The Steed family moves from Vermont to Palmyra, New York in the late 1820’s. Once there, they settle on some land outside of town and start to clear it for farming. The two older sons, Nathan (Alexander Carroll) and Joshua (Eric Johnson) are attracted to Lydia (Tiffany Dupont) the daughter of a shop owner. The work is difficult and Mr. Steed (Sam Hennings) hires the two Smith brothers, Joseph (Jonathan Scarfe of ABC’s 2004 telefilm Judas) and Matthew (Colin Ford), to help.
Before long, the Steed family hears rumors that Joseph has seen angels and has buried gold on his land. Joshua, who is very sweet on Lydia, argues with his father over his independence, leaves home and joins a bunch of rabble-rousers who end up stalking Joseph.
Meanwhile, Nathan questions the good-natured and hard-working Joseph about his visions and the gold tablets. He comes to believe in Joseph, as do his mother and sister. Mr. Steed, however, is adamant about his family’s links to Joseph and fires Joseph and his brother, Matthew. When Joseph’s Book of Mormon is published, Steed refuses to have it in the house.
But a day is coming when Joseph is going to call believers together, and this sets the rest of the film in motion – including who gets the girl and who gets to follow Joseph. We are never sure what Joseph believes in.
The Work and the Glory has good production qualities but is a thinly veiled fiction about Joseph Smith, the founder of the Mormons – based on a series of novels popular among Mormons. When my sister and I were thinking about seeing it we checked RottenTomatoes.com and the write-up for the film from Excel Entertainment is somewhat disingenuous: “Two of the Steed brothers contend for the favor of a wealthy merchant’s daughter, and they find themselves on opposite sides of the religious question. As the family struggles to smooth the contention, they find themselves twistedinto deeper issues of family loyalty and the pursuit of truth.”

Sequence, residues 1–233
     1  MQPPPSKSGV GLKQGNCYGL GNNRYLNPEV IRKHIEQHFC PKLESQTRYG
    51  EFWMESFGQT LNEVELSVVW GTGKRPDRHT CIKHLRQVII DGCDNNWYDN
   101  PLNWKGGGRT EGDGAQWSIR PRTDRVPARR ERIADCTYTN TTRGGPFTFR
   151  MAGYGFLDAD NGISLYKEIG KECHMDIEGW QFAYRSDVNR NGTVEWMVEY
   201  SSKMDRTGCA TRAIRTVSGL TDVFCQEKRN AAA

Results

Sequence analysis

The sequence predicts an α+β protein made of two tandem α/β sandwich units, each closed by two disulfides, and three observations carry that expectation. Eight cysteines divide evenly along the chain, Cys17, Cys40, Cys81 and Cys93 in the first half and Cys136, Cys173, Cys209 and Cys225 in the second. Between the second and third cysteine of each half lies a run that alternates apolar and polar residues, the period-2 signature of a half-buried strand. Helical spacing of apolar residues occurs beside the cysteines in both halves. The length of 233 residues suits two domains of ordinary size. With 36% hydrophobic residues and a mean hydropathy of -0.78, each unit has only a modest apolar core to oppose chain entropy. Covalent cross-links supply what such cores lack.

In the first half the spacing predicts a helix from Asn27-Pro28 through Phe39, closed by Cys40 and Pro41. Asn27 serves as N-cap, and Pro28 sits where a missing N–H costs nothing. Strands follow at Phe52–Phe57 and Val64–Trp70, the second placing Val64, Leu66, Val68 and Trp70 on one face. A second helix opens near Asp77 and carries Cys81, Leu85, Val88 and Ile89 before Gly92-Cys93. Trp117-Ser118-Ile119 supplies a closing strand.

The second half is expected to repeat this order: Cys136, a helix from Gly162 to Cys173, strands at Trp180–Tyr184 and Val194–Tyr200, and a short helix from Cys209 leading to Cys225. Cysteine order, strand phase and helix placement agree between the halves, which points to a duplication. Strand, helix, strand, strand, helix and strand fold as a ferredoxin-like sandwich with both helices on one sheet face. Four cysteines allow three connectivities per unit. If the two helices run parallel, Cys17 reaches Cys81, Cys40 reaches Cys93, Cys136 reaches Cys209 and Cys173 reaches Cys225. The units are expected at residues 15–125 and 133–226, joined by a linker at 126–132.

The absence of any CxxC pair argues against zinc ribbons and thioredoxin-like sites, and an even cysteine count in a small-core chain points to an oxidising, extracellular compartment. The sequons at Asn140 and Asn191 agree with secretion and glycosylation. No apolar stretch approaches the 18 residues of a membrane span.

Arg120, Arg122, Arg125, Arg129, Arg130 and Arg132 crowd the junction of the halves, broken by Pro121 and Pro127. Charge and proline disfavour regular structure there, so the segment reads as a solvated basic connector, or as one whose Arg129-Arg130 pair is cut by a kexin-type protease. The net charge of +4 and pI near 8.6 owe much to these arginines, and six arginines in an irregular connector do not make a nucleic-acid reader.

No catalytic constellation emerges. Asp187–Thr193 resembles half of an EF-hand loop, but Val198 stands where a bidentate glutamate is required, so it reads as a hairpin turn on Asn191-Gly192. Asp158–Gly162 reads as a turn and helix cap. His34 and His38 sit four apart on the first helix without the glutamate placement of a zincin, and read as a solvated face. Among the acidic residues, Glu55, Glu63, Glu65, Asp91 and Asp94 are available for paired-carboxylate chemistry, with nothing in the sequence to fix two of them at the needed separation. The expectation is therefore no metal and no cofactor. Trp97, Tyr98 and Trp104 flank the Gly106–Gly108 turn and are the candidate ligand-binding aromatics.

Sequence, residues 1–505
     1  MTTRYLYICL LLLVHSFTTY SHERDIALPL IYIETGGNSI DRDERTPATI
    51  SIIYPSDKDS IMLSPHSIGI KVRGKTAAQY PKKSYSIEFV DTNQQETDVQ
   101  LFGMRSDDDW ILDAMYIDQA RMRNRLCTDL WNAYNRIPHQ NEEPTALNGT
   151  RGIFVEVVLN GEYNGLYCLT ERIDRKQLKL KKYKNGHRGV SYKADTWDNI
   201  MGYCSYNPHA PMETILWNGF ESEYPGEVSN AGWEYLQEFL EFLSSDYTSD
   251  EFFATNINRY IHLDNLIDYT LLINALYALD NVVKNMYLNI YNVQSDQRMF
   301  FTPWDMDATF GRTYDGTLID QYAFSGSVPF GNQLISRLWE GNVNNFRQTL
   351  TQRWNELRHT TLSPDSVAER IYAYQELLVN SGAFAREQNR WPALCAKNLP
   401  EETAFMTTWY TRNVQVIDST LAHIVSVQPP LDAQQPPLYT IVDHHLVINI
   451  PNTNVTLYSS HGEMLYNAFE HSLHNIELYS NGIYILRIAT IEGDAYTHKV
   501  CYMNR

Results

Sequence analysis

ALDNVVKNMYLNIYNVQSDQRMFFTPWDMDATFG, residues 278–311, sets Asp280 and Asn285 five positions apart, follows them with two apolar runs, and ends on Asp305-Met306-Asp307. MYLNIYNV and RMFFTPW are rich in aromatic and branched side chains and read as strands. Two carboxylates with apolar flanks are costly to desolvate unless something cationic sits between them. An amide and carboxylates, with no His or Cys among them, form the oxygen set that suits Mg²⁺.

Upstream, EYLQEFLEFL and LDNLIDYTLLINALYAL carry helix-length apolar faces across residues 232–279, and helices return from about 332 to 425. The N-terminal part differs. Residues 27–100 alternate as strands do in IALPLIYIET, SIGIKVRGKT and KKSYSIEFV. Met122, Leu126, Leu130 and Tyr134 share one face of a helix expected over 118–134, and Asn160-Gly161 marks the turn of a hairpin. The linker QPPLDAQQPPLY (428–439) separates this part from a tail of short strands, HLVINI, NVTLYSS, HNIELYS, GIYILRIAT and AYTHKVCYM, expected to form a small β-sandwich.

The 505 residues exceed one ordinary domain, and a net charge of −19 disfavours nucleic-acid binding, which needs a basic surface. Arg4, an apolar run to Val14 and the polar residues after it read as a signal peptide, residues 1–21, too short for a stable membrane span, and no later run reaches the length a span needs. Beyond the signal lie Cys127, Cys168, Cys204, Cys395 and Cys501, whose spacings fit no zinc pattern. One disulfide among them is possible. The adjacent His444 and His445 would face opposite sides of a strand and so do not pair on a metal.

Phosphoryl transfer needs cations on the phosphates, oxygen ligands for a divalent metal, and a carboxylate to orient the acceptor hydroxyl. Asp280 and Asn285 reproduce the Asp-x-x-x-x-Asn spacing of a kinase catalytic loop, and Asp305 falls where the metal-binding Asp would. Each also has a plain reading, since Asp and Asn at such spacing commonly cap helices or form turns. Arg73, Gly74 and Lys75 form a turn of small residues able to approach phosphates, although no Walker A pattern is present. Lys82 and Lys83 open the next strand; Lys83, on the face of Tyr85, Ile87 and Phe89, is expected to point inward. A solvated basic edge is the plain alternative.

So we went to see it only to discover that the film is about more than “a religious question” – it’s an attempt to present a very sympathetic and romaticized version of the life of the founder of the Mormons without a lot of detail. It preaches religious tolerance, and this is always a good thing. But it doesn’t encourage critical thinking because we never find out exactly what Smith stands for; maybe that’s what the filmmakers want. The Steeds just follow the charismatic Smith (the one with the shining blonde hair) to a feel-good ending. And aren’t we a happy family – but happy about what exactly? I think audiences are smarter than this film gives them credit for. At least I hope so.
One thing that bothered me was that the film seemed to smoothly promote that Joseph Smith believes in God as Christians do, and that Joseph’s beliefs are found in the Bible. But in reality, Mormons are not Christians in the theological or technical sense because they do not believe in the divinity of Jesus Christ – though they believe he is God’s son.
The film didn’t last long in the theaters, but one comment on ww.imdb.org made me smile. It said that that this isn’t as boring as other church films he saw on mission. That’s true. It wasn’t boring.
I don’t want to seem unkind. It just wasn’t the movie I thought it would be from the write-up. When my expectations are not met, then I am always a little disappointed. And when it seems I am being presented with the whole picture when I am not, well, that’s irritating.
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